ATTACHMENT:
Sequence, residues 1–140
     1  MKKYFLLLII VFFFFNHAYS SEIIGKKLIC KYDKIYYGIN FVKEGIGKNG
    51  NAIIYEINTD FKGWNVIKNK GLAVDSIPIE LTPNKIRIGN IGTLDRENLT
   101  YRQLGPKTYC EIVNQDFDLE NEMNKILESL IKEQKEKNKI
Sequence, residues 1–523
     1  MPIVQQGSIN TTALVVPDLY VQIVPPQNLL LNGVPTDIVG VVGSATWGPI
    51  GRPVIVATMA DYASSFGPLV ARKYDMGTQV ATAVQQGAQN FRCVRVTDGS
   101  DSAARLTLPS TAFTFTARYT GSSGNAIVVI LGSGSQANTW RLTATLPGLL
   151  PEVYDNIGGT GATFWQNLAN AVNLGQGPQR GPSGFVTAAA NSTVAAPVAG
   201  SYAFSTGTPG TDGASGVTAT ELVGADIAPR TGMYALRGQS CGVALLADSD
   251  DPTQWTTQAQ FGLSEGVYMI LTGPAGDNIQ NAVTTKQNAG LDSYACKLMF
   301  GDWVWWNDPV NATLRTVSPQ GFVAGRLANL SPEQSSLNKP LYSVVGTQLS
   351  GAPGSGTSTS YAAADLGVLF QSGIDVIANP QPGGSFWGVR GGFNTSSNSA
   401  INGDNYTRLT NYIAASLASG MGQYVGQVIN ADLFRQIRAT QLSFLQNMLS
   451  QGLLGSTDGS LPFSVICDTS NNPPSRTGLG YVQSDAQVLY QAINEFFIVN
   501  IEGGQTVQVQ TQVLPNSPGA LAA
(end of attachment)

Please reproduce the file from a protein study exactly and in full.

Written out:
Sequence, residues 1–140
     1  MKKYFLLLII VFFFFNHAYS SEIIGKKLIC KYDKIYYGIN FVKEGIGKNG
    51  NAIIYEINTD FKGWNVIKNK GLAVDSIPIE LTPNKIRIGN IGTLDRENLT
   101  YRQLGPKTYC EIVNQDFDLE NEMNKILESL IKEQKEKNKI
Sequence, residues 1–523
     1  MPIVQQGSIN TTALVVPDLY VQIVPPQNLL LNGVPTDIVG VVGSATWGPI
    51  GRPVIVATMA DYASSFGPLV ARKYDMGTQV ATAVQQGAQN FRCVRVTDGS
   101  DSAARLTLPS TAFTFTARYT GSSGNAIVVI LGSGSQANTW RLTATLPGLL
   151  PEVYDNIGGT GATFWQNLAN AVNLGQGPQR GPSGFVTAAA NSTVAAPVAG
   201  SYAFSTGTPG TDGASGVTAT ELVGADIAPR TGMYALRGQS CGVALLADSD
   251  DPTQWTTQAQ FGLSEGVYMI LTGPAGDNIQ NAVTTKQNAG LDSYACKLMF
   301  GDWVWWNDPV NATLRTVSPQ GFVAGRLANL SPEQSSLNKP LYSVVGTQLS
   351  GAPGSGTSTS YAAADLGVLF QSGIDVIANP QPGGSFWGVR GGFNTSSNSA
   401  INGDNYTRLT NYIAASLASG MGQYVGQVIN ADLFRQIRAT QLSFLQNMLS
   451  QGLLGSTDGS LPFSVICDTS NNPPSRTGLG YVQSDAQVLY QAINEFFIVN
   501  IEGGQTVQVQ TQVLPNSPGA LAA